The Recording Industry Assn. of America, a trade group for music companies battling song swapping, was accused in an antitrust lawsuit of charging high fees to groups that broadcast music over the Internet.
Webcaster Alliance Inc., whose 400 members transmit music to individual listeners over the Internet, filed the lawsuit in federal court in San Francisco saying the RIAA-negotiated licensing fees that independent Internet radio stations pay to play copyrighted songs are unreasonably high and intended to restrain competition.
AOL Time Warner Inc., Sony Corp. and other music companies, represented by the Washington-based RIAA, say that file-sharing costs them billions of dollars in lost sales each year. RIAA has sued to shut down Napster Inc. and other song-swapping sites and plans to sue individual consumers who make music available to others on the Internet.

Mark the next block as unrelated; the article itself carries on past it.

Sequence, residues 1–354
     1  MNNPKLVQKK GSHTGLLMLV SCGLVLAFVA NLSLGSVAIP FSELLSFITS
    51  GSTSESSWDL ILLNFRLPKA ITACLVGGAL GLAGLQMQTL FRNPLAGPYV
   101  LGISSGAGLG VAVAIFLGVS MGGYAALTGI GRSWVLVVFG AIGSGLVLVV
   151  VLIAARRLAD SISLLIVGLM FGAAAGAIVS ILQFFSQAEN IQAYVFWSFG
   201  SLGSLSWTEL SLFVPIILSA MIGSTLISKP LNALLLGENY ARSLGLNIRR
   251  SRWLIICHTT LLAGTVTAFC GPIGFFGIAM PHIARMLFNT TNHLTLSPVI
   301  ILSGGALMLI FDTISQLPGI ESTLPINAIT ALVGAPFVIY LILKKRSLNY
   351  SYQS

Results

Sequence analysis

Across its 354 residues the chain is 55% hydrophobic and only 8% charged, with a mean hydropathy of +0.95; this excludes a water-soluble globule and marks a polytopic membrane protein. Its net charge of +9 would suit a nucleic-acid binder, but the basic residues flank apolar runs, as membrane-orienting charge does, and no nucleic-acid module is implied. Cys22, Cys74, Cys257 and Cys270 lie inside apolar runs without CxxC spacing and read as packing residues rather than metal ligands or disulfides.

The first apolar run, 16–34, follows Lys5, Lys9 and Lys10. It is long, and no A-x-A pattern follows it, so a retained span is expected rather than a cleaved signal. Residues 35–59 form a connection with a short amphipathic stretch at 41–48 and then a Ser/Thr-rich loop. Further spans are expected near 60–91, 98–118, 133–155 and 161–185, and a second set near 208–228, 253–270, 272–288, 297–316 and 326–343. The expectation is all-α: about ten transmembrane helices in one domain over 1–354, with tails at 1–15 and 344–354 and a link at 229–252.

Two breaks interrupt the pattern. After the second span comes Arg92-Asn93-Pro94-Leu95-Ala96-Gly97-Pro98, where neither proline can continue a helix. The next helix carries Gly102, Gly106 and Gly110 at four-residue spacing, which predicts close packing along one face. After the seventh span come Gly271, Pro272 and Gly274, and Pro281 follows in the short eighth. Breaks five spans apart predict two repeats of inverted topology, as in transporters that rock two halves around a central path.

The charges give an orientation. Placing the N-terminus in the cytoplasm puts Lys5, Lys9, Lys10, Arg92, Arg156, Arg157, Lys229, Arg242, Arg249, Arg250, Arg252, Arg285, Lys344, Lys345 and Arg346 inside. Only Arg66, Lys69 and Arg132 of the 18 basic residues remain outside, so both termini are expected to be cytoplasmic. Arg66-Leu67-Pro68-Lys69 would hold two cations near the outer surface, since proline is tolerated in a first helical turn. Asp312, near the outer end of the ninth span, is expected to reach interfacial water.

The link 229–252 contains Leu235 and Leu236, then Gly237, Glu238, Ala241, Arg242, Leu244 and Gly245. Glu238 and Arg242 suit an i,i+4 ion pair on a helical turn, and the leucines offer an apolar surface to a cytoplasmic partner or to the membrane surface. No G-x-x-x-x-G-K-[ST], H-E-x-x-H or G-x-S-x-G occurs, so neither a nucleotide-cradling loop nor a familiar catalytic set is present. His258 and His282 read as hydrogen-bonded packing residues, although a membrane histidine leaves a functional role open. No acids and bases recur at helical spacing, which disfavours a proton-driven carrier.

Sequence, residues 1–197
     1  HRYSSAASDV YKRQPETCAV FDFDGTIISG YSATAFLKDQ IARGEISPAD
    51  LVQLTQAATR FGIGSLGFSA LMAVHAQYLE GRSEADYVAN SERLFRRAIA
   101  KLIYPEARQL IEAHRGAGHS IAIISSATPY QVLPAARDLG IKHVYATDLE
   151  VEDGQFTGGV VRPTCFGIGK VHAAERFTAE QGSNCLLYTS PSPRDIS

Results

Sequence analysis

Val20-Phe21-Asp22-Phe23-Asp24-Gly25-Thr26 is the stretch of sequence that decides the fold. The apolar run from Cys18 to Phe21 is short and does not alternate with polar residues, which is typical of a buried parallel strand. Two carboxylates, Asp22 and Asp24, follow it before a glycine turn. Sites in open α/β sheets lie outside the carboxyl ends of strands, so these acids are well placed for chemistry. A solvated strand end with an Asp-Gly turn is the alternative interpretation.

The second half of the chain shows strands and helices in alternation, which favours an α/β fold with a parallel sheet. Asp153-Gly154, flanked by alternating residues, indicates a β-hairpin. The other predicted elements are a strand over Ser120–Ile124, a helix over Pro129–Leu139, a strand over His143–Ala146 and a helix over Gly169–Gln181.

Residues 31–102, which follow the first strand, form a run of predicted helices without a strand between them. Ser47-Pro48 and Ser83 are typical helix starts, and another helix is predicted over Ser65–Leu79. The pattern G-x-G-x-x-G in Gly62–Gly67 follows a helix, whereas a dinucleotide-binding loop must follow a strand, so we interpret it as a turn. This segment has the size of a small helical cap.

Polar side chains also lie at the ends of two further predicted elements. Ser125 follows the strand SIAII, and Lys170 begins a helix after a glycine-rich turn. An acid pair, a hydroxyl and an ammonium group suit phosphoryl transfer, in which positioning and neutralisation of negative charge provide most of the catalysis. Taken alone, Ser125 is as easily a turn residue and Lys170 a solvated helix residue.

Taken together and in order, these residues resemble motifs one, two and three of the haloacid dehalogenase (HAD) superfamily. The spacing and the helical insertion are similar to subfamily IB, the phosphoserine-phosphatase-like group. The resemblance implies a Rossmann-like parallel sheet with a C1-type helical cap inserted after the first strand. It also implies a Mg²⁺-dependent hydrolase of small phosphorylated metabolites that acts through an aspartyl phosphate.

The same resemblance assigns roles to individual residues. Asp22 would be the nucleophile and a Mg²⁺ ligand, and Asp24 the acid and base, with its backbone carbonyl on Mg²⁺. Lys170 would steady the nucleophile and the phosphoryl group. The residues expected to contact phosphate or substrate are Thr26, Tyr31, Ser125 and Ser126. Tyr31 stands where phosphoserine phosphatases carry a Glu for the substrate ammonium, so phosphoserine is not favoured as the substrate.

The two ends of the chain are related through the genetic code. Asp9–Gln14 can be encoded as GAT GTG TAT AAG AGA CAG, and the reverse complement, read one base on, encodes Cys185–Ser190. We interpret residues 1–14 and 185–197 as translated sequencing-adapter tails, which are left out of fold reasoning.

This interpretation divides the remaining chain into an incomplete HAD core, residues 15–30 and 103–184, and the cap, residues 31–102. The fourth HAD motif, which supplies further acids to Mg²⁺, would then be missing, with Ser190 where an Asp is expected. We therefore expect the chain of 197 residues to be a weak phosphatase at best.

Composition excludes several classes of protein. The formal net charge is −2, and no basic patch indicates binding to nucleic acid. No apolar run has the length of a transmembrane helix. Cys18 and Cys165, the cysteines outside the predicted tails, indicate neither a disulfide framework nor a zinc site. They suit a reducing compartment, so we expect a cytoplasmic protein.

Internet radio licensing fees are "raising the barrier to the point where they will drive independent Internet radio operators out of business," which helps protect large commercial Internet radio businesses such as AOL Radio Networks, said Perry Narancic, an attorney for the Webcaster Alliance.
"This lawsuit is a publicity stunt that has no merit," said Jonathan Lamy, a spokesman for the RIAA.
"Record companies and artists have worked earnestly and diligently to negotiate a variety of agreements with a host of new types of radio services, including commercial and noncommercial Webcasters."
The lawsuit seeks to suspend the licensing fees until more reasonable prices can be negotiated.